Consolidation changed the way cardiac care was delivered in our community. Rather than having separate hospitals develop individual hubs, with costly medical equipment and heart specialists, consolidation allowed the Region to pool staff and equipment, providing focus and synergy. Not only did the creation of the Cardiac Sciences Program enhance the delivery of care for heart patients, it also established a template for other clinical care programs throughout the Region, such as the Eye Care Centre of Excellence at Misericordia Health Centre, the Concordia Hip and Knee Surgery Centre, and the Neurosurgical program at Health Sciences Centre.

The effort to consolidate cardiac care put us in a position to focus resources and help build a better program. And that we have done. Manitoba Health is spending $40.3 million to make St. Boniface Hospital a Centre of Excellence for Heart Surgery and Cardiac Care. Part of the project includes the development of space in the Asper Centre, which is located on the St. Boniface Hospital campus.

The added space is needed, as we have expanded our cardiac program significantly, adding 25 physician specialists over the last four years, in addition to a number of cardiac critical care nurses, to serve the needs of our Region, now and in the future.

We will continue to improve how we deliver cardiac care. That's our job. But there are things you can do to reduce your risk of developing heart disease and improve your chances of surviving a heart attack.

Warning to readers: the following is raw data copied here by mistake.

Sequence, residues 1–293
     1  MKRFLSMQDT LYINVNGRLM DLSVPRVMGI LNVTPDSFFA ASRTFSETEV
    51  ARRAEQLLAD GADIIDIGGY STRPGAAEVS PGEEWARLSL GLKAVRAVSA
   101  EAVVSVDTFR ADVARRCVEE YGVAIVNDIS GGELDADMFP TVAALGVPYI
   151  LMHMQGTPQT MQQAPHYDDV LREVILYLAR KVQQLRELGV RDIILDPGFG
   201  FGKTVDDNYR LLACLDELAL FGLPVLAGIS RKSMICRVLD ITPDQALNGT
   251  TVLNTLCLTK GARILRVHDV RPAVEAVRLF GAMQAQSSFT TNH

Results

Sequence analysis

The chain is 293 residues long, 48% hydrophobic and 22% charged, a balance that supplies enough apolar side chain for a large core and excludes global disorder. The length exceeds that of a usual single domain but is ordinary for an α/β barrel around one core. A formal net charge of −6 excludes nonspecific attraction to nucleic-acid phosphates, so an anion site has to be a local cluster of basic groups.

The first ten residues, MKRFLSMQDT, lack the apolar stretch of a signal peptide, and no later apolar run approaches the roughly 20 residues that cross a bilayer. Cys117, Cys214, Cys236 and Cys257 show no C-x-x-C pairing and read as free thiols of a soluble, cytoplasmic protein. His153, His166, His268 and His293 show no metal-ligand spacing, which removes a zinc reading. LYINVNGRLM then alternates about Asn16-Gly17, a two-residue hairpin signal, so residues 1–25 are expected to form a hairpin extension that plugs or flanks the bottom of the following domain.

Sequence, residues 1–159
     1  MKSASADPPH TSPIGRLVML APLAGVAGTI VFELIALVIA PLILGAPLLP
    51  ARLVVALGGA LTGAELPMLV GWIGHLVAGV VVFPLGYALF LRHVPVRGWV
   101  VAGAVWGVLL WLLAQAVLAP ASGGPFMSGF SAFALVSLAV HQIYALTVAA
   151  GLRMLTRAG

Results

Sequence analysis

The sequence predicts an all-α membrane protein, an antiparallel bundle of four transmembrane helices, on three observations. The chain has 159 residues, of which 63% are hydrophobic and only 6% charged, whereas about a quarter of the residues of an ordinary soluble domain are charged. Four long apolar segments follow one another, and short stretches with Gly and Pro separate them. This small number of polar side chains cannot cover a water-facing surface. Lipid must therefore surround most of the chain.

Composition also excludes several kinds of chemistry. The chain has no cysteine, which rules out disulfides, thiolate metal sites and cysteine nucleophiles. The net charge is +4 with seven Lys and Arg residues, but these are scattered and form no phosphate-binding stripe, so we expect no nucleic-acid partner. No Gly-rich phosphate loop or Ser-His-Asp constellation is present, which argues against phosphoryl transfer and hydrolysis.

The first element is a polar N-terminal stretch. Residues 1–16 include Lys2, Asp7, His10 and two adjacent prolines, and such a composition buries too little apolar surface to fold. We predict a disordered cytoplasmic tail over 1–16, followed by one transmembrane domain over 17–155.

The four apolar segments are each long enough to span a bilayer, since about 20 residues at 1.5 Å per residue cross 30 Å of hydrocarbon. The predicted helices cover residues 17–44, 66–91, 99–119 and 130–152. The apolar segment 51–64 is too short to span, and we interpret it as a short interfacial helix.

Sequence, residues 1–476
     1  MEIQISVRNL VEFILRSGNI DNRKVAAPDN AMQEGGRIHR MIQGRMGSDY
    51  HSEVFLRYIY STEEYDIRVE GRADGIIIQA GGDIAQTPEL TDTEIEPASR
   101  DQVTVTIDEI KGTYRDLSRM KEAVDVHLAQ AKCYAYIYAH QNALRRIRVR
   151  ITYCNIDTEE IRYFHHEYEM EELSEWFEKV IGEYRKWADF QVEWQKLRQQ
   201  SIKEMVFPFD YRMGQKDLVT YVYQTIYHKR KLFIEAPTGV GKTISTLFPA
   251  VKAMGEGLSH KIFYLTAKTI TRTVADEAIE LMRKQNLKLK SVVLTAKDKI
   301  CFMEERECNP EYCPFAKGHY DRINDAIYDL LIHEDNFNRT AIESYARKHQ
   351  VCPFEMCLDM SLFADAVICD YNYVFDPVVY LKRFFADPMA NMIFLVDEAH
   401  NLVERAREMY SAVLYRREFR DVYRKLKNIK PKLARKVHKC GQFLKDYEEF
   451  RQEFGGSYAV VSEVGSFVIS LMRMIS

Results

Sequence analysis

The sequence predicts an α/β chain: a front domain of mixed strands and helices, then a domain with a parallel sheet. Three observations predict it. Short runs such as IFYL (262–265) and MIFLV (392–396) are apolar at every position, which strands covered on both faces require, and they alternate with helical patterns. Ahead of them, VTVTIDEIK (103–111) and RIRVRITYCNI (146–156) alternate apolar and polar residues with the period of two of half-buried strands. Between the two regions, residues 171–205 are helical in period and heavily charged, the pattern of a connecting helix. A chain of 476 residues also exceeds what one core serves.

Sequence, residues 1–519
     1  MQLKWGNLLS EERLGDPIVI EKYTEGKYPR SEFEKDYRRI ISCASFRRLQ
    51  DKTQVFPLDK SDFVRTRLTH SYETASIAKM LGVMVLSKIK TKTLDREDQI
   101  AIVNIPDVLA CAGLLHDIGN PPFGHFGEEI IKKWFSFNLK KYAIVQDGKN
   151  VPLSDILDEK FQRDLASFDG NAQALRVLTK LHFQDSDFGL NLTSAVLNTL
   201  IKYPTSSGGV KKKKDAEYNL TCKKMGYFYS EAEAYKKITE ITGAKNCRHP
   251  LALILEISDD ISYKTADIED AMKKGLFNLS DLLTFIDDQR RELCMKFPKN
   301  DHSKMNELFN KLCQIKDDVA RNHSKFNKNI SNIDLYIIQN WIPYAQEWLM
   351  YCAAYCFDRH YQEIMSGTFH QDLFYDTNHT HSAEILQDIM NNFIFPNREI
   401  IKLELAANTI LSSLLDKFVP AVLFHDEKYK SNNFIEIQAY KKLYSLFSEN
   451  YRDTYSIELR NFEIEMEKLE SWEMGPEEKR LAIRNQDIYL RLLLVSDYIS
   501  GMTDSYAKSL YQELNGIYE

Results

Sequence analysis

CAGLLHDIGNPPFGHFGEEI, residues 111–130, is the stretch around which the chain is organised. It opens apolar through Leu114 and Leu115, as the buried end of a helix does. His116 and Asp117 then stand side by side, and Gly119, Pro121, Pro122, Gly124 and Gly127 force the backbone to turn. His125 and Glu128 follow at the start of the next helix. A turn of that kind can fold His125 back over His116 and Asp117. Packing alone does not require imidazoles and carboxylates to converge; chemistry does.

You can, for example, learn to recognize the warning signs of a heart attack. As Drs. James Tam and Roger Philipp note in our special report, the quicker you recognize the signs and call 911 for an ambulance, the better your odds of surviving a heart attack.

Of course, even the best treatment is no substitute for prevention.

While some heart conditions are hereditary, lifestyle choices, such as inactivity, smoking and poor eating habits, can increase our odds of developing heart disease.

Here at the Region, we have launched a number of initiatives that help promote overall wellness. As part of the Tobacco Reduction initiative, for example, the Region works with community partners to help people kick the habit and keep kids from lighting up in the first place. Winnipeg in motion, meanwhile, is designed to encourage all of us to incorporate more physical activity into our daily lives. The Region is also involved in programs centred on food and nutrition, such as the effort to create a nutritional tool kit for newcomers to Canada. All of these efforts are designed to help individuals make choices that will support heart health.

At the end of the day, though, we will need more than well-conceived programs to win the war on heart disease. We will need you, the public, to pay closer attention to your heart health. Because as amazing as it is, your heart still requires a lot of tender loving care to keep on ticking. Have a safe and happy summer.

Wave

About Wave

Wave is published six times a year by the Winnipeg Health Region in cooperation with the Winnipeg Free Press. It is available at newsstands, hospitals and clinics throughout Winnipeg, as well as McNally Robinson Books.